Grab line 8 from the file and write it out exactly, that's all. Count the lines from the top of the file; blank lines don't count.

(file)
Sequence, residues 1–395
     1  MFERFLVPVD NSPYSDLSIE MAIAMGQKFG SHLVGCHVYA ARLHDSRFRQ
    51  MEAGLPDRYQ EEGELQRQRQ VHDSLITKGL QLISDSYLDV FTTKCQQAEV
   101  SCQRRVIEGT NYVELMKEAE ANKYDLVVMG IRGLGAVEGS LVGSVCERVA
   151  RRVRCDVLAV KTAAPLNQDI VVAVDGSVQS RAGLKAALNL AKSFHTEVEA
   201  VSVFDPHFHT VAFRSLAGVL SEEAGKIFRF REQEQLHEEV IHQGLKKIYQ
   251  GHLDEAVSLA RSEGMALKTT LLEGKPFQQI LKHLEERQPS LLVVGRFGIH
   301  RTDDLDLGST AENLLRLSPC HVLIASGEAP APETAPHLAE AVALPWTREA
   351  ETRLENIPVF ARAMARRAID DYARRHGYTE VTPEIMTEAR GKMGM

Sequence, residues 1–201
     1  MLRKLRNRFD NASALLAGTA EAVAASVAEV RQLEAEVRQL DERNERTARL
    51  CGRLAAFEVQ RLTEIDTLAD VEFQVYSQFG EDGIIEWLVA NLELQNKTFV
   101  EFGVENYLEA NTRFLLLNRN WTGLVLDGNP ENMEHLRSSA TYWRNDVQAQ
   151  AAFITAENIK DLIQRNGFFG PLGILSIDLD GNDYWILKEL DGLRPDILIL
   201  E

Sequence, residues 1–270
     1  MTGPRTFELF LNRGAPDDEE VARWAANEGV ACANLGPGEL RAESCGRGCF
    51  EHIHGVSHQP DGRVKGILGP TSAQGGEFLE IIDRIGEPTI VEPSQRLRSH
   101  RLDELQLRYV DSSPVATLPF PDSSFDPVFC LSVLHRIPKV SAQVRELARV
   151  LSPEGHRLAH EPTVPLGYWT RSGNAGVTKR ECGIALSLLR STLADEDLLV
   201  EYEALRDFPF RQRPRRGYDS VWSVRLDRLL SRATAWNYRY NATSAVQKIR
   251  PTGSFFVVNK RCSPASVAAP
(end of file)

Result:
   301  RTDDLDLGST AENLLRLSPC HVLIASGEAP APETAPHLAE AVALPWTREA